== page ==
Gen. Schwarzkopf, a man for his times

  • **FILE** Gen. H. Norman Schwarzkopf stands at ease with his tank troops during Operation Desert Storm in Saudi Arabia on Jan. 12, 1991. (Associated Press)**FILE** Gen. H. Norman Schwarzkopf stands at ease with his tank troops during Operation Desert Storm in Saudi Arabia on Jan. 12, 1991. (Associated Press)
  • **FILE** Gen. H. Norman Schwarzkopf waves to the crowd after a military band played a song in his honor during welcome-home ceremonies at MacDill Air Force Base in Tampa, Fla., on April 22, 1991. (Associated Press)**FILE** Gen. H. Norman Schwarzkopf waves to the crowd after a military band played a song in his honor during welcome-home ceremonies at MacDill Air Force Base in Tampa, Fla., on April 22, 1991. (Associated Press)
  • **FILE** Gen. Norman Schwarzkopf and President George Bush watch the National Victory Parade from the viewing stand in Washington on June 8, 1991. Schwarzkopf led his troops in the parade, and then joined Bush in the reviewing stand. (Associated Press)**FILE** Gen. Norman Schwarzkopf and President George Bush watch the National Victory Parade from the viewing stand in Washington on June 8, 1991. Schwarzkopf led his troops in the parade, and then joined Bush in the reviewing stand. (Associated Press)
  • **FILE** U.S. Army Gen. H. Norman Schwarzkopf, commander of U.S. forces in Saudi Arabia, answers questions during an interview in Riyadh on Sept. 14, 1990. (Associated Press)**FILE** U.S. ArmyGen. H. Norman Schwarzkopf, commander of U.S. forces in Saudi Arabia, answers questions during an interview in Riyadh on Sept. 14, 1990. (Associated Press)
  • **FILE** President George Bush congratulates Desert Storm commander Gen. Norman Schwarzkopf after presenting him with the Medal of Freedom at the White House in Washington on July 4, 1991. (Associated Press)**FILE** President George Bush congratulates Desert Storm commander Gen. Norman Schwarzkopf after presenting him with the Medal of Freedom at the White House in Washington on July 4, 1991. (Associated Press)
  • **FILE** Gen. H. Norman Schwarzkopf, seen here in 1991 (Associated Press)**FILE** Gen. H. Norman Schwarzkopf, seen here in 1991 (Associated Press)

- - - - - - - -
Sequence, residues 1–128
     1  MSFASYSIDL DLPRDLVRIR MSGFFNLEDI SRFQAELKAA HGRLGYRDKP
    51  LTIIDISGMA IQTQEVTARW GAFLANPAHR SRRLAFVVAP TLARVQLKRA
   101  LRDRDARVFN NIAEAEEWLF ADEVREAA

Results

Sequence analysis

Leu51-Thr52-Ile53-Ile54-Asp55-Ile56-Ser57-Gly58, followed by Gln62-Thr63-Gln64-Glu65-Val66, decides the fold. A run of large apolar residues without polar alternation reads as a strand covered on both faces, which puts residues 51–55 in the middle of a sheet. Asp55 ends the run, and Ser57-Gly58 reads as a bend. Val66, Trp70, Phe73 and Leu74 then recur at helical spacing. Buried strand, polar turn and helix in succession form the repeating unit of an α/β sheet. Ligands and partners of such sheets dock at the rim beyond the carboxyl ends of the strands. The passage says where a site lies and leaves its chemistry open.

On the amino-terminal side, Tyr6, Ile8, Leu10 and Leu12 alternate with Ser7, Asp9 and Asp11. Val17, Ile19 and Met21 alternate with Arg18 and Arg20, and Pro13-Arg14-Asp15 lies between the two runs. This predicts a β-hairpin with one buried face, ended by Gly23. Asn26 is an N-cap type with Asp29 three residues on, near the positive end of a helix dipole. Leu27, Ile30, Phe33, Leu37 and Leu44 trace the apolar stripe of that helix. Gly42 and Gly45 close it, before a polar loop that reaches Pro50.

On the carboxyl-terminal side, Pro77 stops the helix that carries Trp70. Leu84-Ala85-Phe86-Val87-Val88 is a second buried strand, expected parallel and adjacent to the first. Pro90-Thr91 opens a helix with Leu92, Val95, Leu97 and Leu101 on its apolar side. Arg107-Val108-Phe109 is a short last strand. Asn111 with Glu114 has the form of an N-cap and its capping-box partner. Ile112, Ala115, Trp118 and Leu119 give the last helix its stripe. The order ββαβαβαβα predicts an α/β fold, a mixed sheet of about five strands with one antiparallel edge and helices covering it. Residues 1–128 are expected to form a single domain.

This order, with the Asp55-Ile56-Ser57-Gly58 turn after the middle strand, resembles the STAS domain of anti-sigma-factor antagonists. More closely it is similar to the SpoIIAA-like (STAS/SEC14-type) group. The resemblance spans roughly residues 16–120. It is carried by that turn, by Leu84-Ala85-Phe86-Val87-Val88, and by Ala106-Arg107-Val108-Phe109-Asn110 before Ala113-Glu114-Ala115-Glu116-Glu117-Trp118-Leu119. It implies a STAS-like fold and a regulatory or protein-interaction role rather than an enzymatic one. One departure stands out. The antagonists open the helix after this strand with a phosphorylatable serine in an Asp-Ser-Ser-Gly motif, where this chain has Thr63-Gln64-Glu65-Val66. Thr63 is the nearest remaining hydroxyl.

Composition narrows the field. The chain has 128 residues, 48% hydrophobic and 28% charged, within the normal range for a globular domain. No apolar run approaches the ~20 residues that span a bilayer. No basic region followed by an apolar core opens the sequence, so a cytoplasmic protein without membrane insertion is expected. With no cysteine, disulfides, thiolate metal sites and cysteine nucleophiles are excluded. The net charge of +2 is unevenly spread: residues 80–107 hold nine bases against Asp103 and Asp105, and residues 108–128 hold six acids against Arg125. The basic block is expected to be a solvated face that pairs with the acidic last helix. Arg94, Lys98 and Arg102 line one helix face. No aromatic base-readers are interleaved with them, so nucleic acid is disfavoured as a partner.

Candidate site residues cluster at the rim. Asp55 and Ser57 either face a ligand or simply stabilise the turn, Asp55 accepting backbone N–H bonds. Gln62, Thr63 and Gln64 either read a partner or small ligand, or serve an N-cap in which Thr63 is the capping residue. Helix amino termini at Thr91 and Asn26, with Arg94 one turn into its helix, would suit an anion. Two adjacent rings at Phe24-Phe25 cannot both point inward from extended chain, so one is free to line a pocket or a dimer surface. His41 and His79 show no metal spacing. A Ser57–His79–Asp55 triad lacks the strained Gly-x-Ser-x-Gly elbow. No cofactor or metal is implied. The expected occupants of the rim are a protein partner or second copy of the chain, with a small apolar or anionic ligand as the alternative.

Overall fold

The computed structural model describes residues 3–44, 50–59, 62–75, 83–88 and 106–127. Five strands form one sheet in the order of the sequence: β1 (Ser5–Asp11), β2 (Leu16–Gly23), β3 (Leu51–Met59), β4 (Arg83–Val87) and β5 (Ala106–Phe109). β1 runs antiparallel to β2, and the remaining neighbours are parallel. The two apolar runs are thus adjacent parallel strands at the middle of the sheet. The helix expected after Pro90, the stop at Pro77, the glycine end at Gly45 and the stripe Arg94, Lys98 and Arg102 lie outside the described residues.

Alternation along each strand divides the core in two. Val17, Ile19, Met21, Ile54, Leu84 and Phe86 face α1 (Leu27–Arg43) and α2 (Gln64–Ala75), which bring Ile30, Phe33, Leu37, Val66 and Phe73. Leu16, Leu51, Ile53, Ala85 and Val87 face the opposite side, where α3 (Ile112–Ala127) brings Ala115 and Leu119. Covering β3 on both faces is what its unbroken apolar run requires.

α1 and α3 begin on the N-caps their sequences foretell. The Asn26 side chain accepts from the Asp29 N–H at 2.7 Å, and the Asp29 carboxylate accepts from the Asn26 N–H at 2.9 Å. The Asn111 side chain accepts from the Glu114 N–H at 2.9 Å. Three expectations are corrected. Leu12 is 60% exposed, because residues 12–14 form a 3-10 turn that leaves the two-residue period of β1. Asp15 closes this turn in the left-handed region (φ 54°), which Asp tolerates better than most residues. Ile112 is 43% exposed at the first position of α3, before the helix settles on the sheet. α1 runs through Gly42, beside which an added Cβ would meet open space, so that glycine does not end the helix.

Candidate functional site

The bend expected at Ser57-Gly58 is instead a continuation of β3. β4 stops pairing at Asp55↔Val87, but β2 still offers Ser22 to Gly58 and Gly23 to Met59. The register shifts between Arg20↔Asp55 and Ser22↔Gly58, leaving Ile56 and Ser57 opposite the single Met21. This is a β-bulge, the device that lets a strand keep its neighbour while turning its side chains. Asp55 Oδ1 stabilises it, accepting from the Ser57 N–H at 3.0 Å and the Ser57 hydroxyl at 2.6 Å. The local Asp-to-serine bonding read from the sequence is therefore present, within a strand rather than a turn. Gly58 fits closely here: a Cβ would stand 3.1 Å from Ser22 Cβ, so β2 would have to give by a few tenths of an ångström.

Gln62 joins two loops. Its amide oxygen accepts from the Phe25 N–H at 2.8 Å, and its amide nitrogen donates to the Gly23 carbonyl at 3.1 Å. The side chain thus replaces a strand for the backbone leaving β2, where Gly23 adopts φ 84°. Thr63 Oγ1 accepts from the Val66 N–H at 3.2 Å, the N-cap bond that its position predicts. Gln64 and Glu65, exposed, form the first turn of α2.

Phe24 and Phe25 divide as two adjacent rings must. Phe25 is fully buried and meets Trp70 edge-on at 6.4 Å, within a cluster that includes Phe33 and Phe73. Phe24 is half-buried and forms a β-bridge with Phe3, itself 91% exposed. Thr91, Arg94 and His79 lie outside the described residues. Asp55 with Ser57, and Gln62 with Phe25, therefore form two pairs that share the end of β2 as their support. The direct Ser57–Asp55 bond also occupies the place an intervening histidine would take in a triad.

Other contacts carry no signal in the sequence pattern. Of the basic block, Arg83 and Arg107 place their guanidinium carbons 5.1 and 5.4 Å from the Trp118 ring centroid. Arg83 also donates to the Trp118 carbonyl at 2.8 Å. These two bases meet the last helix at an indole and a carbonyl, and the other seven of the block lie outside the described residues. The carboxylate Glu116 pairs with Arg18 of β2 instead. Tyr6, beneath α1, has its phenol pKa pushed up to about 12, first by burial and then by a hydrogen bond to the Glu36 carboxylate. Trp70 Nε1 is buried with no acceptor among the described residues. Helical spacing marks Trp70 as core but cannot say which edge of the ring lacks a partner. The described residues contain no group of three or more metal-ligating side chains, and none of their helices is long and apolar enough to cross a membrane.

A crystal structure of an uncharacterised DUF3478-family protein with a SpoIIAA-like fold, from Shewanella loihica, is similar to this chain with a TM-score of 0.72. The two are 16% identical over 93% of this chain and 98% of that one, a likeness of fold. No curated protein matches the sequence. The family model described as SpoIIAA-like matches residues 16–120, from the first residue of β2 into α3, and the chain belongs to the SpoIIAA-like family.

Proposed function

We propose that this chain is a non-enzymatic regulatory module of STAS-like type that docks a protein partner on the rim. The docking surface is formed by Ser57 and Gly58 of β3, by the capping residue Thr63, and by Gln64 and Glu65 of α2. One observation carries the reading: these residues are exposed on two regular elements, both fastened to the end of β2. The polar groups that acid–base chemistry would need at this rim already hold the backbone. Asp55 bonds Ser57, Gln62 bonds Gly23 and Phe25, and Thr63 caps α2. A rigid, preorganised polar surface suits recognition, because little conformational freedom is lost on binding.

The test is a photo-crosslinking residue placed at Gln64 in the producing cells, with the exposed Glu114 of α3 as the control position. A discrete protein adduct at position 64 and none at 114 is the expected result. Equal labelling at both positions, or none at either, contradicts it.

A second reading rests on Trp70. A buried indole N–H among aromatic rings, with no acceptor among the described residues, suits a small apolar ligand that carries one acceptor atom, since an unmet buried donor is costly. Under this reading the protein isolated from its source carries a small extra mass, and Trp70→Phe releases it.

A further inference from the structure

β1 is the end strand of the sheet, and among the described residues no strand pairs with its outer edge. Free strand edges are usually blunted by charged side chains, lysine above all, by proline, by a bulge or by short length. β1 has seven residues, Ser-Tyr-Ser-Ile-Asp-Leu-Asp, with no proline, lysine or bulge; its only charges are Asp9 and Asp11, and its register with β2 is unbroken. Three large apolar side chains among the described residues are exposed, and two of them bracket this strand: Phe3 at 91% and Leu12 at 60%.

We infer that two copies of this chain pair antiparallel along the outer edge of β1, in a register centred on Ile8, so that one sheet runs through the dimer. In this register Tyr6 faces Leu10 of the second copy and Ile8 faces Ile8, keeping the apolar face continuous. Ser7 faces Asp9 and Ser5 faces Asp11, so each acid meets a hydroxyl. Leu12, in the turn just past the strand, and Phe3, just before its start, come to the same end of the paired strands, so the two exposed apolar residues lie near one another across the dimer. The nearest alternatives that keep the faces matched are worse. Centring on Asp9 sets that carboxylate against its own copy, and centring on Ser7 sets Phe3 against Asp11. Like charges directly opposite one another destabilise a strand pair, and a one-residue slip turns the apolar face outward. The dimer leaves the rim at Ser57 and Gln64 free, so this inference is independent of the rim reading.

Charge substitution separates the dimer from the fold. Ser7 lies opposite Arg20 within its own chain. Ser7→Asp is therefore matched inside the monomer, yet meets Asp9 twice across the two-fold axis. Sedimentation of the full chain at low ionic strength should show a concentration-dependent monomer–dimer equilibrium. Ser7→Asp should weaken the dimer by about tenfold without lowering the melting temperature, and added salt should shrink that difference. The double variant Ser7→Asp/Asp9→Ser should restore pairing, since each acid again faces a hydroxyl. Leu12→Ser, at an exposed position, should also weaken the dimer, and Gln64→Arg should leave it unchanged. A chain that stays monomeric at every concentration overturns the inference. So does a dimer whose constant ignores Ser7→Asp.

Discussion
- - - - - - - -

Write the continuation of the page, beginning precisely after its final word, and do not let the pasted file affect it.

• **FILE** Gen. Norman Schwarzkopf (left) looks on as President George Bush speaks to reporters in the Rose Garden of the White House on April 23, 1991. Bush praised the general for leading a "fantastic" effort to fulfill U.S. obligations in the Gulf and for helping to build "unbelievable" morale on the home front. (Associated Press)**FILE** Gen. Norman Schwarzkopf (left) looks on as President George Bush speaks to reporters in the Rose Garden of the White House on April 23, 1991. Bush praised the general for leading a "fantastic" effort to fulfill U.S. obligations in the Gulf and for helping to build "unbelievable" morale on the home front. (Associated Press)
  • **FILE** Gen. Norman Schwarzkopf (left), commander of U.S. forces in the Gulf, confers with Saudi Arabian Lt. Gen. Khalid Bin Sultan, commander of multinational forces in the area, in Riyadh on Dec. 19, 1990. (Associated Press)**FILE** Gen. Norman Schwarzkopf (left), commander of U.S. forces in the Gulf, confers with Saudi Arabian Lt. Gen. Khalid Bin Sultan, commander of multinational forces in the area, in Riyadh on Dec. 19, 1990. (Associated Press)
  • ** FILE ** King Fahd, second left, rides with U.S. Gen. Norman Schwarzkopf as they review U.S. troops at an airbase in eastern Saudi Arabia on Jan. 7, 1991. Fahd, who moved his country closer to the United States but ruled the world's largest oil producing nation in name only since suffering a stroke in 1995, died early Monday, Aug. 1, 2005 the Saudi royal court said. He was said to be 84. (AP Photo/Bob Daugherty)** FILE ** King Fahd, second left, rides with U.S. Gen. Norman Schwarzkopf as they review U.S. troops at an airbase in eastern Saudi Arabia on Jan. 7, 1991. Fahd, who moved his country closer to the United States but ruled the world's largest oil producing nation in name only since suffering a stroke in 1995, died early Monday, Aug. 1, 2005 the Saudi royal court said. He was said to be 84. (AP Photo/Bob Daugherty)
  • **FILE** U.S. Army Gen. Norman Schwarzkopf points Jan. 27, 1991, to a row of photos of Kuwait's Ahmadi Sea Island Terminal on fire after a U.S. attack on the facility. (Associated Press)**FILE** U.S. ArmyGen. Norman Schwarzkopf points Jan. 27, 1991, to a row of photos of Kuwait's Ahmadi Sea Island Terminal on fire after a U.S. attack on the facility. (Associated Press)